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Pastor's Message

April 2018

posted Mar 28, 2018, 11:01 AM by Christine Rice

Dear Sisters and Brothers in Christ,

 

            Christ is not risen.  April fools!  Jesus is still in the grave.  April fools! There is no hope for you. April fools.  I know, these are bad April fools’ jokes and, of course, completely false.  Christ is risen!   The grave is empty! We too, live with God now and for eternity!

             One can’t help but notice that Easter Sunday, the Resurrection of our Lord Jesus, falls on April 1st this year: April Fools’ Day.  Bad jokes aside, we can definitely say that Almighty God pulls off the greatest April Fools’ joke of all on death and the devil by raising Jesus the Son to new and everlasting life.

            The Apostle Paul writes this in 1 Corinthians 15:20-22. “But in fact Christ has been raised from the dead, the first fruits of those who have died.  For since death came through a human being, the resurrection of the dead has also come through a human being; for as all die in Adam, so all will be made alive in Christ.”          

            We celebrate Easter Day, the Resurrection of our Lord Jesus on Sunday, April 1st.   On Resurrection Day we pull out all the stops and celebrate with trumpets and choir and great music and lilies and banners and resurrection scriptures and a message and the Lord’s Supper and even Easter breakfast.  This is as it should be on the big day.

          But the resurrection of Jesus, the event which changed human history forever, is far too good of news to be confined to one day.  So Eastertide, the season of Easter, lasts a full 7 weeks: a week of weeks: 49 days: right up until Pentecost.  And of course, every Sunday is really a “little Easter”:  a little celebration of our Savior Jesus’ resurrection from death to life.

            Christ is risen! The grave of Jesus is empty! Death is defeated! We too shall live with God now and for eternity.  And that’s no April Fools!

                                                                         

 

Christ is risen!  He is risen indeed!

                                                                                                           

Pastor Dennis

 

March 2018

posted Feb 27, 2018, 9:56 AM by Christine Rice

Dear Sisters and Brothers in Christ,

            During the month of March we are in the season of Lent.  With Spring officially beginning on March 20th, many people start to do some spring cleaning at home: dusting, washing, some yard work, (bathing the dog at Messy Mutts)—all those things that are just too hard to do in the cold and dark of winter.  In the church year, Lent is like spring cleaning for the soul.  During the 40 days of Lent we are asked to intentionally struggle against all those things that get in the way of loving God with all our heart, soul, mind and strength and loving our neighbors as ourselves.  Repentance and forgiveness, prayer, fasting, Bible reading, worship and acts of loving charity toward our neighbors in need are all good ways to go about spring cleaning for the soul, heart, mind and body.  In the early church, Lent was a time of instruction for people preparing for baptism at Easter.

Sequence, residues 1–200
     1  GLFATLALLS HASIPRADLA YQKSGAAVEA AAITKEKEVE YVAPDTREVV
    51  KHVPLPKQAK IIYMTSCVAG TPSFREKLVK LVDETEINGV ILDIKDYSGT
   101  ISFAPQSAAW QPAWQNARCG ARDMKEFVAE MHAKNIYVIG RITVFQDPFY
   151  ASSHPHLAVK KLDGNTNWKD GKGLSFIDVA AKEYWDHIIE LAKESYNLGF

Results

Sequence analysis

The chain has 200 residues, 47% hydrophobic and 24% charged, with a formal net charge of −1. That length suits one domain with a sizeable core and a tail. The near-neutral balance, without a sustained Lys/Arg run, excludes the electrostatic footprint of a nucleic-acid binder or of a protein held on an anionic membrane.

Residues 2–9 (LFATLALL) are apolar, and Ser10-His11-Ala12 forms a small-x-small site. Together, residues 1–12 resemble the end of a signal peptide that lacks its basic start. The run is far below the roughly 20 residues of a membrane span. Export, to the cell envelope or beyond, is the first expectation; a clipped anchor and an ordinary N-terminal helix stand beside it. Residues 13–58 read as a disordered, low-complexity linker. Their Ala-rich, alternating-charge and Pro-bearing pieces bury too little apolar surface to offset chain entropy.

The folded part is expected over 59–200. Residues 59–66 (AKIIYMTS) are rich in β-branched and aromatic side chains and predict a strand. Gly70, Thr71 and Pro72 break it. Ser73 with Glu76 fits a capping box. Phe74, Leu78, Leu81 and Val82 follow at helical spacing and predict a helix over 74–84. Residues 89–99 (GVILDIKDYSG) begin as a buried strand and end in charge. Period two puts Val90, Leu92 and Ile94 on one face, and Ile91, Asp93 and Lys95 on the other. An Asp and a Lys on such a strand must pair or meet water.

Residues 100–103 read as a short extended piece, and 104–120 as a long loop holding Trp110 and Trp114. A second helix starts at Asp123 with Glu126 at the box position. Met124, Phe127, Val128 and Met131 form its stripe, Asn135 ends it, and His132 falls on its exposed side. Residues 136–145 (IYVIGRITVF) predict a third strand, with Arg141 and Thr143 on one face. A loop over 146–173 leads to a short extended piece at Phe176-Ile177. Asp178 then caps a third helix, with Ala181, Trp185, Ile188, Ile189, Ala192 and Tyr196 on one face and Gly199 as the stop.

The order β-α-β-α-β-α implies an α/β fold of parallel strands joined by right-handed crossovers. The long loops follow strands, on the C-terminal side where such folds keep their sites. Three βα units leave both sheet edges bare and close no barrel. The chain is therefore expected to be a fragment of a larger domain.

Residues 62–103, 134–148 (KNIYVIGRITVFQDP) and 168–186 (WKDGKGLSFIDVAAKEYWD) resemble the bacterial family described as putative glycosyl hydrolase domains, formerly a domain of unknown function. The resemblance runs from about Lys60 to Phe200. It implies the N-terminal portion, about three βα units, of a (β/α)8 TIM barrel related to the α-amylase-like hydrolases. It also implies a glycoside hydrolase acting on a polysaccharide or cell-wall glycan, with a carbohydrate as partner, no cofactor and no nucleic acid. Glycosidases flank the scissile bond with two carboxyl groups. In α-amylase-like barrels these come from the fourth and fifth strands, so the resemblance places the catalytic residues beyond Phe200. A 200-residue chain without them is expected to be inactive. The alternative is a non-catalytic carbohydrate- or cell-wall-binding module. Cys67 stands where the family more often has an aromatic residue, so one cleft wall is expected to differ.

Holy Week begins the last week of March.  During Holy Week we come to the main things of our Christian faith: the death and resurrection of our Lord and Savior, Jesus Christ.  On Palm Sunday, March 25, we remember that Jesus rode a donkey into Jerusalem as a humble king.  On Maundy Thursday, March 29, we remember that Jesus washed his disciples feet, ate his last meal with friends and began the Lord ‘s Supper.  On Good Friday, March 30, we remember that Jesus died on the cross to atone for the sins of the whole world.  And on Sunday, April 1, we celebrate the day that changed the whole world forever, the Resurrection of our Savior Jesus.

           We are in the year of the Gospel of Mark this year.  Mark devotes more than a third of his 16 chapters to the last week of Jesus’ earthly life.  This is the story, the good news, which the gospel writer Mark really wants to tell and hastens us toward right from chapter one, verse one.  This “kerygma”, this essential main thing, is what Mark, and all the gospel writers want us to know: the death and resurrection of Jesus the Messiah, God’s Son.  Jesus’ death for the world and all people means forgiveness of sins and new life.  Jesus’ resurrection from death means the defeat of death and the devil, and it means new life now and everlasting life with God in his full kingdom forever.  In other words, in the words of Rob Bell’s book--“Love Wins”.  The love of God shown to us and all people through the death and resurrection of Jesus is the winning word. Though death and evil still prowl around in our world causing misery and mischief, there is no doubt about the final outcome.  Sin, death and the devil are defeated through the cross of Jesus.  Love, life and salvation are assured through the resurrection of our Savior Jesus.